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How does the built-in rate law work?


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[admin notice: the below is from the former GWB users group email distribution list. This message was originally posted 11/3/2005]

 

Posted by: Megan Knight

 

Does anyone know how the built-in, zero-order rate law in GWB

version 6.0 prevents concentrations from going negative when the rate

constant is sufficiently high? I'm trying to write some scripts that

first mimic, then go beyond the default rate law, but I first need to

understand what's actually going on in the default. Thanks!

 

 

Posted by: Craig Bethke

 

Hi Megan,

 

The principle of detailed balancing holds that at equilibrium the forward and reverse rates of a reaction must be equal, so that the net reaction rate is zero. The principle appears as the familiar (1-Q/K) term (or, more precisely, a [1-(Q/K)^n]^m term) in the built-in rate law.

 

This term goes to zero as the reaction proceeds towards equilibrium, which of course is the point at which the activity product Q equals the equilibrium constant K. Even a zero-order rate law, then, requires that a reaction stop before any of its reactants are driven to negative mass.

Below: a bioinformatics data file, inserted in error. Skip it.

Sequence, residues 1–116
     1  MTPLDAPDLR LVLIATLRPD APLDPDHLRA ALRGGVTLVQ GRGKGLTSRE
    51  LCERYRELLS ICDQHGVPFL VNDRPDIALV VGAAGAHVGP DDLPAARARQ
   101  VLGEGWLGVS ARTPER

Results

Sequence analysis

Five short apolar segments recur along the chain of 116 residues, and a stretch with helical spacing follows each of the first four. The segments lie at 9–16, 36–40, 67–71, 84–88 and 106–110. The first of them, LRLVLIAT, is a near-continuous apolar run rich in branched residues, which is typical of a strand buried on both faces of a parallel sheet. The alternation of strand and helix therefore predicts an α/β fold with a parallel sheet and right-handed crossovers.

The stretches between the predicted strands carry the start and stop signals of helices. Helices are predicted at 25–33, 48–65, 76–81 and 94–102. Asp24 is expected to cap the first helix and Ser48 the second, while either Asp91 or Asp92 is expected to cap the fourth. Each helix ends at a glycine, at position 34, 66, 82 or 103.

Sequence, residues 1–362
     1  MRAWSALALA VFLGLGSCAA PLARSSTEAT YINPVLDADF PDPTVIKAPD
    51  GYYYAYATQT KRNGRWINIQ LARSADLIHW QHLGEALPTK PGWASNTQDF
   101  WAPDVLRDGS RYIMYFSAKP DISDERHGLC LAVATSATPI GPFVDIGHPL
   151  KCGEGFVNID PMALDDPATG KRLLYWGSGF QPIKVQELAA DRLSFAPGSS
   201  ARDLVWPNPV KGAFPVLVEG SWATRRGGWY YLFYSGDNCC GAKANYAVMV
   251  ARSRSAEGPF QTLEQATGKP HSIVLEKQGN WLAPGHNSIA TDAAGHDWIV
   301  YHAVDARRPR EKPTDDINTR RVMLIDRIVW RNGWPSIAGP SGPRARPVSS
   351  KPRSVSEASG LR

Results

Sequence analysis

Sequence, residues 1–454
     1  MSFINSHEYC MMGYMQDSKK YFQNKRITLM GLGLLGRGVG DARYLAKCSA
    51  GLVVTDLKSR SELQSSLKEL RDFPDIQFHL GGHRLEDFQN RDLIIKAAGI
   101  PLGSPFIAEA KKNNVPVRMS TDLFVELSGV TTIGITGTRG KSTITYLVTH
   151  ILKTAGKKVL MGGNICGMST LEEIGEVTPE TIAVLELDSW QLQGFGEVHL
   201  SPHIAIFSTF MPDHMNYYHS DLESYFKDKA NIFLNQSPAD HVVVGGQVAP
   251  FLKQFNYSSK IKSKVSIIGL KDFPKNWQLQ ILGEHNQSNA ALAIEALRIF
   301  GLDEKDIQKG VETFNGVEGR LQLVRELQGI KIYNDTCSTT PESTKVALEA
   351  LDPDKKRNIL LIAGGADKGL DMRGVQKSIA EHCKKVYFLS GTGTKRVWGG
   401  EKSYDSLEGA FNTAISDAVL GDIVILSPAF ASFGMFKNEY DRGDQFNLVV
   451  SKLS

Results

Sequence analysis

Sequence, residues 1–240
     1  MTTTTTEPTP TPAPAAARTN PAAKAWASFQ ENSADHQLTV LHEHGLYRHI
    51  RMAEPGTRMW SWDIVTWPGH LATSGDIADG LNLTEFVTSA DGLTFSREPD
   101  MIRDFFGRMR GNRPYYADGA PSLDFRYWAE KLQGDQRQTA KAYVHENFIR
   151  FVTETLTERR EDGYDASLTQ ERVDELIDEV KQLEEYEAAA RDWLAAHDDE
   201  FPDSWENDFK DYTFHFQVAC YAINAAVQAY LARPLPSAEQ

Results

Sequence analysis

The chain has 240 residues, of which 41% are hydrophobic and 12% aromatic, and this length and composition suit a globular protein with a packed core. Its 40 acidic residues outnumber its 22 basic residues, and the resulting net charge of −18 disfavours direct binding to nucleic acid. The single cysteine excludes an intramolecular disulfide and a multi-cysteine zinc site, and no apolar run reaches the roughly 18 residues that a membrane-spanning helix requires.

For example, the equilibrium point of a reaction

A -> B

occurs at a positive (although perhaps very small) activity of A, no matter how unstable A is relative to B. So non-negativity is implicit in the form of the rate law, rather than explicit in the GWB coding.

 

To check this out, you might set a "far from equilibrium" zero-order law (i.e., one without the 1-Q/K business). Type the law into the "Custom rate law" field and run the model. The software will, if you set a sufficiently long time span, integrate the law past the point of equilibrium to the point where the mass of the limiting species goes negative, where it will get stuck.

 

As a side note, all this is very nice as long as the limiting reactant is an aqueous species. But how about a mineral species that dissolves completely before the fluid becomes saturated: a grain of salt in a glass of water? In the heterogeneous case, since 1-Q/K never vanishes, why doesn't mineral mass go negative? The answer is that as the mineral dissolves, its surface area approaches zero and hence so does reaction rate.

 

Again, the built-in law won't drive mass negative. And, again, you are free to set (incorrectly) a law that will -- for example, by omitting surface area term -- in which case the model will get stuck at the point of complete dissolution.

 

Hope this helps,

Craig

 

P.S. I think you'll find an example script for a kinetic redox reaction on page 51 of the GWB 6.0 Reaction Modeling Guide useful; the corresponding C function is on page 55. These should help you get started.

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